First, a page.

A Georgia judge issued a protective order after videos of witnesses in Trump’s election interference case were leaked
ATLANTA – Judge V Election interference case in Georgia He granted a request from the Fulton County District Attorney Fanny Willis‘ Office for an emergency protective order yet Portions of video clips from key witnesses Against the former president Donald Trump and his allies to the media. Judge Scott McAfee on Thursday issued a… Protective order Which prevents lawyers in the case from sharing sensitive material with the public. The order requires prosecutors to effectively classify evidence it seeks to protect as “sensitive material” and gives defense attorneys 14 days to challenge any designations they disagree with. Willis’ team now has 30 days to review all the discoveries they have already provided and classify them as sensitive.
This would enhance the flow of pretrial discovery and, more importantly, protect the jury from evidence that might be deemed inadmissible at trial, McAfee said.
“The court has an interest in ensuring that all parties retain their right to a fair trial before an impartial jury, a process that could become elusive if the public is allowed to examine every piece of unfiltered evidence months before trial.” McAfee wrote in the recording.
Willis’ office requested a protective order In a lawsuit Tuesday after portions of the statements were recorded on video Jenna Ellis, Sidney Powell And Kenneth Chesbrough The surety is surety Scott Hall It was announced. In its filing, Willis’ office said the order was necessary to “protect witnesses and protect sensitive and confidential information” during the discovery process. She said that the leaks “are clearly aimed at intimidating witnesses in this case, and exposing them to harassment and threats before the trial.”
In August, the Public Prosecution filed charges against 19 defendants In violation of Georgia’s Racketeer Influenced and Corrupt Organizations Act Regarding efforts to overturn the 2020 election results in the battleground state. Chesebro, Ellis, Hall and Powell pleaded guilty. The video-recorded statements, known as exposition videos, were made pursuant to plea agreements with the four defendants, which require them to provide true and accurate information to prosecutors.
Ellis and Powell’s statements were first reported by ABC News, while Chesebro and Hall’s statements were first reported by the Washington Post. The recordings, which NBC News did not independently obtain, revealed new details of the defendants’ testimony before prosecutors.
The videos showed Ellis recalling a conversation with Trump adviser Dan Scavino, who told her that Trump would not leave the White House regardless of the election results, she said. Powell testified that others repeatedly told Trump that he lost the election to President Joe Biden.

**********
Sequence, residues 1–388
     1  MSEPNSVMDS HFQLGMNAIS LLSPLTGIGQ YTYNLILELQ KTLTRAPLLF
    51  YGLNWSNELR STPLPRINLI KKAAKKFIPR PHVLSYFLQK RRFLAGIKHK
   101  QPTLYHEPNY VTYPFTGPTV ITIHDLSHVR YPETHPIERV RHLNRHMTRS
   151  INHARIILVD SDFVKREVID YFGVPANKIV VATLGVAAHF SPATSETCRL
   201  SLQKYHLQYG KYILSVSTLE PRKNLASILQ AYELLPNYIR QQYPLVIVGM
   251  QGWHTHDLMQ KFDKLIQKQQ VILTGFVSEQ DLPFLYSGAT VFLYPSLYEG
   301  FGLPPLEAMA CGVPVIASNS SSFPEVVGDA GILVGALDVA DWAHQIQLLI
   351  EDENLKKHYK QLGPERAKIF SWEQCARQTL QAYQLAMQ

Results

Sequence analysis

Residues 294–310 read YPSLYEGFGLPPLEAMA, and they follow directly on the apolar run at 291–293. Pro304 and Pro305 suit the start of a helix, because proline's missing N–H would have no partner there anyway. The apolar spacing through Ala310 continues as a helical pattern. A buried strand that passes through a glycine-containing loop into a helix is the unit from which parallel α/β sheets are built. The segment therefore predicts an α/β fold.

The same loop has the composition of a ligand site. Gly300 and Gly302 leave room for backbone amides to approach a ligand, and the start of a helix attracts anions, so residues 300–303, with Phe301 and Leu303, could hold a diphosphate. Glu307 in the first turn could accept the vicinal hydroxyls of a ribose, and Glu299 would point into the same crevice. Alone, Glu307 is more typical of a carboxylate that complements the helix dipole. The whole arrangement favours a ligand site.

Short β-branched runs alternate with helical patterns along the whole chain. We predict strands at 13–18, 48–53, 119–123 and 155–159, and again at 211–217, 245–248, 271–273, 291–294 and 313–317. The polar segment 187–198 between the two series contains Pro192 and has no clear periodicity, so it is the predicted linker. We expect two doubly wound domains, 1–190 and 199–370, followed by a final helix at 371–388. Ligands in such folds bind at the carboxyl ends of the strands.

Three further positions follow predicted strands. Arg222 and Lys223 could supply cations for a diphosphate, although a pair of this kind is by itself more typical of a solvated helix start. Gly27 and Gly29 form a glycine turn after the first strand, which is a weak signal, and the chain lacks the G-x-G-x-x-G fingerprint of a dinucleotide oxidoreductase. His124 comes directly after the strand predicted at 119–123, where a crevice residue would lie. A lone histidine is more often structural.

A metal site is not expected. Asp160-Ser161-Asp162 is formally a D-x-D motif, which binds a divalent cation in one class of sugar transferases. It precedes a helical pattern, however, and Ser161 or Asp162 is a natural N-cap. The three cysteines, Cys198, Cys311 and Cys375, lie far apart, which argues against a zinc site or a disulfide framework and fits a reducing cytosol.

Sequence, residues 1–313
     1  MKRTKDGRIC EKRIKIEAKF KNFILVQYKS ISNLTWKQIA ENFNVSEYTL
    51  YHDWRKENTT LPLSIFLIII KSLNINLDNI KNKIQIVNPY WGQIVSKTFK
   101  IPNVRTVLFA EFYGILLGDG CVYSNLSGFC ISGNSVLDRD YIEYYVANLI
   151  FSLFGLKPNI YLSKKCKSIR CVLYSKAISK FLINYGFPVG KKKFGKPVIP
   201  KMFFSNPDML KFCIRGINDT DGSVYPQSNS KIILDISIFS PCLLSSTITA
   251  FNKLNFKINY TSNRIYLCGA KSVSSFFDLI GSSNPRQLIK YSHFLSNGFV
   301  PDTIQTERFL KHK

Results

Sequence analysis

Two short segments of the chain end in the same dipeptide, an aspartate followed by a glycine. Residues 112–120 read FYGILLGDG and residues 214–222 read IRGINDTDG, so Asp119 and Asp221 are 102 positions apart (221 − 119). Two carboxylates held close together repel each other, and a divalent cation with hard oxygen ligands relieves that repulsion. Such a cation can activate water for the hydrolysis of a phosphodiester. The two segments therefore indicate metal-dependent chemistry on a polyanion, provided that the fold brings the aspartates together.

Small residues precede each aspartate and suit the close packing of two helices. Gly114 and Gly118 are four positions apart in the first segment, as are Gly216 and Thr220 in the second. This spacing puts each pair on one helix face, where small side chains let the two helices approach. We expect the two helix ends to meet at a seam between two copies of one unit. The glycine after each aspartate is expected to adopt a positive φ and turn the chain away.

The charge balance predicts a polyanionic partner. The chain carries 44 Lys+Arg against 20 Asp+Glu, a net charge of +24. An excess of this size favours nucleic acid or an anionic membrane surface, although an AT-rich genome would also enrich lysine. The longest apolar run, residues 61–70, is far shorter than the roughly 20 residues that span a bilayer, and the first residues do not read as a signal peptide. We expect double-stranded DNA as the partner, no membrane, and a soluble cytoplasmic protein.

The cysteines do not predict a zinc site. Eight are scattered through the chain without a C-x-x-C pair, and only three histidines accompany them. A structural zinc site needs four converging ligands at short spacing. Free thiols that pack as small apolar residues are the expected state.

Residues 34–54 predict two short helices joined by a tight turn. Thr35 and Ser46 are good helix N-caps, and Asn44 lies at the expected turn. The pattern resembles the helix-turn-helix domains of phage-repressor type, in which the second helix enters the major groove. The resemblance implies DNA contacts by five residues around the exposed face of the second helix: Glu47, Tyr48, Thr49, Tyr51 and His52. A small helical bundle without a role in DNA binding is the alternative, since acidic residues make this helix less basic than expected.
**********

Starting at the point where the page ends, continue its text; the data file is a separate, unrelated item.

a Trump co-defendant’s attorney Misty Hampton admitted At a hearing on Wednesday, he said he shared eyewitness videos of key figures in the case with a media outlet, saying he believed it was in his client’s best interest.
Jonathan Miller, Hampton’s attorney, admitted during an emergency hearing Wednesday for the protective order. hampton He is accused of a scheme to access voting machines in Coffee County, for which Powell and Hall were also charged.
“In the interest of being transparent with the court and making sure no one else was to blame for what happened and so that I could sleep well tonight, Judge, I released these videos to one outlet,” Miller told McAfee during the hearing. “Quite frankly, to the court, I want the court to know that.”
McAfee had indicated on Wednesday that he would issue a protective order preventing the release of some discovery information by Thursday morning. He said the order would establish a process by which parties could classify certain evidence as sensitive.
“Until we decide what will be relevant and acceptable, this case should be tried and not in the court of public opinion,” McAfee said during Wednesday’s hearing.
Tom Clyde, an attorney for the coalition of media organizations that did not include NBC News, objected to the protective order, citing First Amendment interests, during the hearing Wednesday.
“What the state and the defendants are essentially trying to do is get the court’s authority behind an order mandating confidentiality over information that is exchanged during the discovery process. No matter how important that information is, no matter how much the public is informed of the circumstances of this case,” Clyde said. Particularly in this case, the circumstances of the elections that took place are of very great importance in terms of general importance.”
McAfee said he disagreed with Clyde’s arguments, but acknowledged First Amendment concerns. The judge said the protective order was necessary to protect the jury pool and to keep the flow of discovery going.
“Until we decide what is relevant and acceptable, this case should be tried and not in the court of public opinion,” he said during Wednesday’s hearing. “We have already seen what can happen when there is no protective order.”
The next hearing in this case is scheduled for December 1, where several requests from the defendants will be discussed.
Charlie Gill reported from Atlanta and Summer Concepcion from New York.
This article was originally published on NBCNews.com